For this week’s “Taste of” we’re doing something a little different. In an effort to expand both our horizons and yours, Matt and I are going to review a non-whiskey product. “Gasp!” you say? Don’t worry. We’re still whiskey apostles at heart but it’s good to try new things. We’ll try to do this about once a month or so. First up will be a gin. You can’t get much more different from whiskey than that. Except for the fact that this particular gin is made by William Grant & Sons. You may know William Grant & Sons as the makers of Glenfiddich and Balvenie. Enjoy.
44% ABV/88 Proof
Available worldwide for $25 to $35 per bottle
What the distillery says:
This handcrafted gin is distilled for a proprietary recipe which includes traditional botanicals such as juniper, coriander, and citrus peel. The “unexpected” infusion of cucumber and rose petals results in a most iconoclastic gin. It is not for everyone.
What Richard says:
Nose: Floral and herbal as you’d expect from gin but almost more so. It lays out like a well crafted gentleman’s cologne. When opened up with a little water I find jasmine and lavender with a hint of fresh autumn leaves.
Palate: The palate is very surprising. It tastes of orange zest in lavender water, more specifically Cara Cara oranges. (If you’ve never had the pleasure I highly recommend them.) More citrus notes that the average gin. It’s very pleasant. It kind of reminds me of Compass Box’s Orangerie aperitif. Tonic water lends it a sharper more defined flavor well beyond the “alcoholic Sprite” of a lot of gin and tonics.
Finish: Crisp and clean. It leaves the orange zest in your mouth as the botanicals pass through.
Comments: I’m not really a gin fan but this is a spirit I can truly respect. And not just because it’s made by William Grant & Sons. It doesn’t stand out because they turned gin on its head, more likely they pushed gin to its true potential. Whether a casual gin drinker or a serious connoisseur, I would definitely recommend this.
Rating: Must Try.
What Matt says:
Nose: Above all this gin smells like it elements. There are clear notes of juniper, but it’s the coriander and citrus zest that stand out on the nose. The rose petals and cucumber hang back a little and wait to assert themselves on the palate.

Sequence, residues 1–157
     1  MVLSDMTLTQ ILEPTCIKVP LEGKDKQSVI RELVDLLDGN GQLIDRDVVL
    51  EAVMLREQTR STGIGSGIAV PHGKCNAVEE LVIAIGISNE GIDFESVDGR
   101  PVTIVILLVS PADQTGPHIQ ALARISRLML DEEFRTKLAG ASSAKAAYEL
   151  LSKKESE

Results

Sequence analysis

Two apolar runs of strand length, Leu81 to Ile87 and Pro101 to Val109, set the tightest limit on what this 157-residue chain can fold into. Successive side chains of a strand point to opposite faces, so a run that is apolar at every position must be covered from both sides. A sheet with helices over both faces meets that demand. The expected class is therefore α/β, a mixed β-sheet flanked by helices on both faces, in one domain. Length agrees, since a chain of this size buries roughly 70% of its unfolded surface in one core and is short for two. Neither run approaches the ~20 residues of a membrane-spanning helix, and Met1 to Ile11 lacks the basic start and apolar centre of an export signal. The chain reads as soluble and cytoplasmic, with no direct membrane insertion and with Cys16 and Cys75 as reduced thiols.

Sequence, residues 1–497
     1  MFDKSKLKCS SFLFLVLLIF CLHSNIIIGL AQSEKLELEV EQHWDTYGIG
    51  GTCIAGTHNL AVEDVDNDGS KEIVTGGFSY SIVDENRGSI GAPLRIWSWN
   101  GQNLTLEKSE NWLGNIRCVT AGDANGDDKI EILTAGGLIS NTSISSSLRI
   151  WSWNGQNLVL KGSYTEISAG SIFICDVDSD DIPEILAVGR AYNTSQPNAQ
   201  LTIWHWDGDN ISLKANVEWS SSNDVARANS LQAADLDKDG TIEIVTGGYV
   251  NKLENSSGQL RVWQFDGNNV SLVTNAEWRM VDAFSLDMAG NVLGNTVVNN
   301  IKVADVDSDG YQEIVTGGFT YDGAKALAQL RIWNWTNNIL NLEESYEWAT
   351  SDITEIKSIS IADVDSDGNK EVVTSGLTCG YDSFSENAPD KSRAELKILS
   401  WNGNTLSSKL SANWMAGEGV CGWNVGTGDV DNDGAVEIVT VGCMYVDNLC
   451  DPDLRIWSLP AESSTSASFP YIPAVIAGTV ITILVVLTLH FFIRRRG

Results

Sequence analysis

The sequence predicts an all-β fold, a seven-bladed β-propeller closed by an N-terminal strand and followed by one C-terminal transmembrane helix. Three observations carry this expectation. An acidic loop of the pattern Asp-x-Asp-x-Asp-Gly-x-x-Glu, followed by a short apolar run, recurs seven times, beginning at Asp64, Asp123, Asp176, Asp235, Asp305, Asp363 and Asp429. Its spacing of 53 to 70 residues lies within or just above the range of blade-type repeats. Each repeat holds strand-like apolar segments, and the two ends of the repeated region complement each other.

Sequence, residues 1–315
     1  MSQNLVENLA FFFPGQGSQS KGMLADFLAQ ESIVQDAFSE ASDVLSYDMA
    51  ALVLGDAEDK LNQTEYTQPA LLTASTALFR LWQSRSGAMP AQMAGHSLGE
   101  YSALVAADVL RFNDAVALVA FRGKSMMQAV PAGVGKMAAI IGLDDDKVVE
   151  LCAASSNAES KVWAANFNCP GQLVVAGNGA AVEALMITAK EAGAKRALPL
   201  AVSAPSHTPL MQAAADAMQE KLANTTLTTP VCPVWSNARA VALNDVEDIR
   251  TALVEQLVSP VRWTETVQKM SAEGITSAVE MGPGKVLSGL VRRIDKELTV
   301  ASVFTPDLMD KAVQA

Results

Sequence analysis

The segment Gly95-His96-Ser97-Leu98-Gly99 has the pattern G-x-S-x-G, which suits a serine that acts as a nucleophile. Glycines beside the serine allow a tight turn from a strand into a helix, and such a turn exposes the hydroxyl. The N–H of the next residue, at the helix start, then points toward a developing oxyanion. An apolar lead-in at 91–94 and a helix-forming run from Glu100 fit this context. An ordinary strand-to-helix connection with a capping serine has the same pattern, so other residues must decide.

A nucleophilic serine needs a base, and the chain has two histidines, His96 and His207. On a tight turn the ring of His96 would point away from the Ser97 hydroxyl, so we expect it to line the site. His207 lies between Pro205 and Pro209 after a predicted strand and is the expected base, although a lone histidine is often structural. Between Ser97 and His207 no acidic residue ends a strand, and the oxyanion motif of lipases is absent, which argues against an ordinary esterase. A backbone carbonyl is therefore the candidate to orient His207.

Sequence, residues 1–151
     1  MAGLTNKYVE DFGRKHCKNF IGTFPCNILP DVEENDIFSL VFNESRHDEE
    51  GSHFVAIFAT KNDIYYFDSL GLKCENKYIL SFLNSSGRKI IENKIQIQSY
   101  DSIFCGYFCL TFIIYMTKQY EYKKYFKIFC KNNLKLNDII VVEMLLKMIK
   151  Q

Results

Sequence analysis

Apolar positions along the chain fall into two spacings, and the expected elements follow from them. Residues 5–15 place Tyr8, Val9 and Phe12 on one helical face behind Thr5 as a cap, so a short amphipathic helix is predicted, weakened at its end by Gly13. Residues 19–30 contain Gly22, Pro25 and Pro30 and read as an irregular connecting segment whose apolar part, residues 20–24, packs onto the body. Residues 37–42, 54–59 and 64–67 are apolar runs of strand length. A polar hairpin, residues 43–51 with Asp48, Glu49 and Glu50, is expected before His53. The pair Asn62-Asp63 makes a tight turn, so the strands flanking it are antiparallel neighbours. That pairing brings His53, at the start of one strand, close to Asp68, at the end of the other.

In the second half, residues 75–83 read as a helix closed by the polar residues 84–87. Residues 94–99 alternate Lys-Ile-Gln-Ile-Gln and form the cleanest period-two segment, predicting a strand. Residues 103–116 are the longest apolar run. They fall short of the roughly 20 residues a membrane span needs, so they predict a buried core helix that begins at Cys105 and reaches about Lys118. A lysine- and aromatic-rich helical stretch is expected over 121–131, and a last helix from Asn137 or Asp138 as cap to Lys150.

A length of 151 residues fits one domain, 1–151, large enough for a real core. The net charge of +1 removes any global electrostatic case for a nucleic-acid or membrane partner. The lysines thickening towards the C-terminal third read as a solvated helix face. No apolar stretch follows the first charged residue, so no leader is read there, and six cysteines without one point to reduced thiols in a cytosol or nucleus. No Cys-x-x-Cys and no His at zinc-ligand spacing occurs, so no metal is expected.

Palate: This is not your average gin. Richard hit the nail on the head with the Cara Cara orange reference. The cucumber comes through with a very clean flavor and the rose petals come out just enough to be known. The coriander and juniper take a back seat to these stronger flavors, but really make the flavor profile dance. Adding tonic really kicks the cucumber into overdrive (the makers of Hendrick’s suggest garnishing their gin and tonic with a slice of cucumber instead of the traditional lime). There is a high citrus element, but it is more of a Cara Cara or blood orange citrus than lime like other gins.
Finish: Rose water and orange zest
Comments: I’m an old fashioned kind of guy. I believe that a gentleman should be drink his martinis with gin and his whisk(e)y neat. If you are like me and Teddy Roosevelt (or was it FDR?), you’re idea of a martini is a generous pour of gin next to an open bottle of vermouth. To do this, you must have good gin (you’re drinking it straight after all). Hendrick’s fits the bill on this one. I love a good gin and tonic as well and this makes a great one. This is my very favorite gin.
Rating: Must Buy.
From the moment you see it on the shelf, you know that Hendrick’s is different. It’s strangley shaped dark colored bottle and artfully rendered label look more at home on the shelf of Victorian apothecary than a liquor store. As you investigate, you find that even the distillery claims that this gin “is not for everyone.” Today, you are in an adventurous mood so you decide to pick up a bottle. You are greeted with flavors you have never tasted in a gin. You are not quite sure what to think. Then, as the gin swirls around your mouth and your nose is filled with rich botanicals, you become enthralled. There is a reason that the Wall Street Journal voted this the “Best Gin in the World” in 2003. More and more, I’m seeing Hendrick’s offered in bars (they don’t usually have a slice of cucumber though), right next to the Tanqueray Ten and Bombay Sapphire. The word is spreading.